I've worked at the same position and same company for two years. I work with two team members.

Other employees have always admired my work and gave my supervisor positive feed backs. But these two guys on my team don't buy me at all. They don't assign me any important task, which bothers me so much. I've talked to my supervisor a few times and explained, indirectly, that I stayed idle most of the time; and that led me to get some tasks from my supervisor.

But the main job that I'm supposed to do should come through these two guys. I don't know how to resolve this problem and why it's like that. I have some guesses that it may be due to two reasons; First, I'm a girl. Second I'm a foreigner and maybe disliked for my poor English.

I have thought a few times about quitting my job but there's no guarantee that the new workplace could be better. Is there anything I can do to make such bothering situation a little more tolerable?

  • If you believe sexism and racism is an issue you could speak to HR about that. – solarflare May 29 '19 at 23:28
  • hi and welcome! your language is good, but i edited a little bit for clarity. Feel free to roll back. – aaaaa says reinstate Monica May 29 '19 at 23:37
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    what happens when you tell your supervisor: "these two guys don't assign me tasks?" – aaaaa says reinstate Monica May 29 '19 at 23:37
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    Why do you require your coworkers to give you tasks to complete? – Donald May 30 '19 at 0:29
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    They don't assign me any important task, which bothers me so much - OK, so they don't assign you ANY tasks at all or they don't assign you any tasks that you deem to be important? There's an important distinction between the two. – joeqwerty May 30 '19 at 0:45

Two points are important.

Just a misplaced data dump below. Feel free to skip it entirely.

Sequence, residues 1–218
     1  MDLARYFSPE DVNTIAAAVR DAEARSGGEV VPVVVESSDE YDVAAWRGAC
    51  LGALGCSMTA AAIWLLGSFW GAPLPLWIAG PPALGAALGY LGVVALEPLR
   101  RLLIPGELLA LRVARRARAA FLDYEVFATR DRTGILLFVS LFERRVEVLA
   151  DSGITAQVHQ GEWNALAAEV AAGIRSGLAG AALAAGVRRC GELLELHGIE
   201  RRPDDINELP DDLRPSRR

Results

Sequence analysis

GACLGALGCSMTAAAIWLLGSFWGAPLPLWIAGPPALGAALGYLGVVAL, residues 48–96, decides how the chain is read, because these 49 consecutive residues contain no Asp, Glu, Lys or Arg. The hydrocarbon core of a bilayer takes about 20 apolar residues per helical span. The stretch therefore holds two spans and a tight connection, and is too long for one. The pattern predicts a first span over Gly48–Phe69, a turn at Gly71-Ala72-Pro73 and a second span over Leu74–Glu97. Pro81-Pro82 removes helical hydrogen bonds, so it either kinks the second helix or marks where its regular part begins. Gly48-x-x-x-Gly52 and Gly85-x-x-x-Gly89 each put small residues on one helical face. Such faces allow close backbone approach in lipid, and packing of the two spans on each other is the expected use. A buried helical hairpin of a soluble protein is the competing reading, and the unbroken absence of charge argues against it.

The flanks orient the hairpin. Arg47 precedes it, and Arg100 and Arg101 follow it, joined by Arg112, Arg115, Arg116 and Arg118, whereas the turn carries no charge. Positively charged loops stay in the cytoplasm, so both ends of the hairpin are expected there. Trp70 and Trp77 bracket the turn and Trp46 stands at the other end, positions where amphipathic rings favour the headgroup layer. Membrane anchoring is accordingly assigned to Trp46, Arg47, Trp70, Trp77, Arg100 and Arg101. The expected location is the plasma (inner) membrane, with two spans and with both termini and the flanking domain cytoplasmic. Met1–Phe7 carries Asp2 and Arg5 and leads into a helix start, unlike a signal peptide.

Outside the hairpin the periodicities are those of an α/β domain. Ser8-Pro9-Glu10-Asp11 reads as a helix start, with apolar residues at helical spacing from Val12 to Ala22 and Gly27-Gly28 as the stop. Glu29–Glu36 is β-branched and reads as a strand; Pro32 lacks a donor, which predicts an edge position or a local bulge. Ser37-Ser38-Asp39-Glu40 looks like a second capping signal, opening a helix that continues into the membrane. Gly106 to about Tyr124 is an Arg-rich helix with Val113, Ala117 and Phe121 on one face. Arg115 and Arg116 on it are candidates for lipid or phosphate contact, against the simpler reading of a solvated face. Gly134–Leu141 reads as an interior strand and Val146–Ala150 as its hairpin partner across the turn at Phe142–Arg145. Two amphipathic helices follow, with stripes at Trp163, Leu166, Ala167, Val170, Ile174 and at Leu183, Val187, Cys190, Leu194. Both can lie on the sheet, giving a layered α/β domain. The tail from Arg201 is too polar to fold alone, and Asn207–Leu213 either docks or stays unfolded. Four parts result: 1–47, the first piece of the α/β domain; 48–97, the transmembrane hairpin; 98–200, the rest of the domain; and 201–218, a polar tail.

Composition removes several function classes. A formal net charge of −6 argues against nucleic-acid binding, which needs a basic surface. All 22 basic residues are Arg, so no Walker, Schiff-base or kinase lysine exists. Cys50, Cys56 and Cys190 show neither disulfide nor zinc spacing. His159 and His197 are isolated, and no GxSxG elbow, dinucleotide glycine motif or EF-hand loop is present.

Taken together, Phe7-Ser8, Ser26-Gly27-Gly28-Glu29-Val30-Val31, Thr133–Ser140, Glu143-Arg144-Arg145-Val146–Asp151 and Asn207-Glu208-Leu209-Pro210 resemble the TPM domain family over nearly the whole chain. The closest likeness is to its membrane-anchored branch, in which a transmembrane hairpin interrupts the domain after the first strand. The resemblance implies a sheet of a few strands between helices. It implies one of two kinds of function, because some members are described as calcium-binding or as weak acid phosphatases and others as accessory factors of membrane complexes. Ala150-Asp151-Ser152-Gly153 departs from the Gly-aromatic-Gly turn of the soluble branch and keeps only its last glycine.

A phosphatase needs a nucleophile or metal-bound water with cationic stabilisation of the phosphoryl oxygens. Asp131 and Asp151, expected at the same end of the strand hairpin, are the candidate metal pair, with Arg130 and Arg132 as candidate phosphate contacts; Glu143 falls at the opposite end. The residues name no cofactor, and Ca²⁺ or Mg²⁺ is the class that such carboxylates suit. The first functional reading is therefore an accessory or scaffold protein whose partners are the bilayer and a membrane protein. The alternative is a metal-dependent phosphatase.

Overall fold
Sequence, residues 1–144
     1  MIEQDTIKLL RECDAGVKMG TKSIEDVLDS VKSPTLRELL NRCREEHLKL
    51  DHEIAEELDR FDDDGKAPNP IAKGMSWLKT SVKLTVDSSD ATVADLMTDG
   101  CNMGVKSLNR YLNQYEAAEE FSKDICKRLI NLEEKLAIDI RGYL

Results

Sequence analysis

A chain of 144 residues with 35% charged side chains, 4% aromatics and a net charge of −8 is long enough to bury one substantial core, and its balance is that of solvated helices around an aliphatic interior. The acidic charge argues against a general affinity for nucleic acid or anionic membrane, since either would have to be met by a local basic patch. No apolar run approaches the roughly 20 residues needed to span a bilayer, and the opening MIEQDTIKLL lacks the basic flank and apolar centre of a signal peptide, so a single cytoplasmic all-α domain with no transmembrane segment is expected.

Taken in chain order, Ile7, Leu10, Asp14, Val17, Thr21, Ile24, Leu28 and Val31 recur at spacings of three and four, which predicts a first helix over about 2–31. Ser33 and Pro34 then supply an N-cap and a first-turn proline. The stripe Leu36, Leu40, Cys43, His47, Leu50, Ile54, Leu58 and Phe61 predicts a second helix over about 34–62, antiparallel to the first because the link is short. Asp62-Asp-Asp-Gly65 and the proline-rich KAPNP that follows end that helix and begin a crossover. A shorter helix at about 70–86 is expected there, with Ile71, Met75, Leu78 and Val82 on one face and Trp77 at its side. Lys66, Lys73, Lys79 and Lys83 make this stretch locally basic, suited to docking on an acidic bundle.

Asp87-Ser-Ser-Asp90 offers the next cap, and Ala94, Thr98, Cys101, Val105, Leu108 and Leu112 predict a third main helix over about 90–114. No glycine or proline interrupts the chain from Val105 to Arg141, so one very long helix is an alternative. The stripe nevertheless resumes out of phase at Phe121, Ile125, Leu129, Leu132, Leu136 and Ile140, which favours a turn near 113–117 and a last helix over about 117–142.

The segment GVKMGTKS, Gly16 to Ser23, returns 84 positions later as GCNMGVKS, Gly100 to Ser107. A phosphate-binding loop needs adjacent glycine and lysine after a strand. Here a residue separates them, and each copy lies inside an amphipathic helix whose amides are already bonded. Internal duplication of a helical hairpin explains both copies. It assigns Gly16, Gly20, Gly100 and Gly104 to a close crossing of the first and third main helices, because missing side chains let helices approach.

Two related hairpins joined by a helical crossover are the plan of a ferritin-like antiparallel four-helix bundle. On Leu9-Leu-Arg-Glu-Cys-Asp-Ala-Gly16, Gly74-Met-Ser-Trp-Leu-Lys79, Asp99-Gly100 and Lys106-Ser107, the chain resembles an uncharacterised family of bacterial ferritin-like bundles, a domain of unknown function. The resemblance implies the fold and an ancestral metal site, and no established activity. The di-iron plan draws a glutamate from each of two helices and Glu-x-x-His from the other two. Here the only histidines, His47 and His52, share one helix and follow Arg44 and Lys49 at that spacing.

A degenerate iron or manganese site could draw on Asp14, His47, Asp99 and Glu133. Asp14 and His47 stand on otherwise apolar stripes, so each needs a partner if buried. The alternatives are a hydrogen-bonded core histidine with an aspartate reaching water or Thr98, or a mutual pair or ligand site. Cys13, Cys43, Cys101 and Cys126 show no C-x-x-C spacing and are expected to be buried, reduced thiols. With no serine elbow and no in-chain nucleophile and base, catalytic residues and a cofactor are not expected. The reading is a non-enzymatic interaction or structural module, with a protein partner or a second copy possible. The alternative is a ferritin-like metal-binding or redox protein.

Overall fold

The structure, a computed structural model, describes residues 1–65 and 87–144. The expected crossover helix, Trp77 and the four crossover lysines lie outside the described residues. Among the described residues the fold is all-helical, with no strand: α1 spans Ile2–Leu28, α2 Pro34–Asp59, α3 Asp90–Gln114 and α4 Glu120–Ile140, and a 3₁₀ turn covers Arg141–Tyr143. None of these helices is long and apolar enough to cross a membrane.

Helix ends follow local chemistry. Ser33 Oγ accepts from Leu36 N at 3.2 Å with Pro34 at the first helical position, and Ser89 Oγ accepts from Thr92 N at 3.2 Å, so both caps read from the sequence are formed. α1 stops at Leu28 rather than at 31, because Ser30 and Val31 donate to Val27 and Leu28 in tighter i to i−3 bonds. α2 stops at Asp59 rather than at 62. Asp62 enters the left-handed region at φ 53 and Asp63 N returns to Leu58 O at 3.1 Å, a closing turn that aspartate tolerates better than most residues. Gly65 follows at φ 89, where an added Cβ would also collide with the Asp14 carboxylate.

First, be proactive and ask them for new tasks as often as you need something to do. Also, if you have dailies/ weeklies, etc. use every opportunity to say you will be happy to help when someone talks about their projects or complains about their projects. Always frame it positively, e.g.

Hi Bob, do you have anything I could help with? I find what you are working on quite interesting.

The odds are at some point they will be so bored with you asking that they will give you something just for you to shut up. And if they don't, at least nobody can complain you've been passive, hostile or lazy.

With growing work experience you often start to see potential where something could be done/ improved. That's one way to get new tasks. But I understand in your case that's not an option yet.

The second point is you should try to establish a good relationship with your coworkers. As a foreigner and a woman, it will be more difficult for you than for an average man and a native speaker. This doesn't mean it's impossible though.

What can help here:

  • self-confidence with which you should go about it
  • showing interest in your colleagues' lives (if that's a topic discussed in your company, since that's very culture-dependant) and tasks
  • having something that's attractive to them. I don't mean physical attractiveness of course. I mean e.g. access to some resources (e.g. important connections out of the team, participation in a side project everybody is interesting in), an interesting hobby, expertise in some area or similar.

Your colleagues' behavior can have a few possible causes: They don't like you, see you as a threat, don't care about you, etc. By doing the above you are addressing the most obvious causes.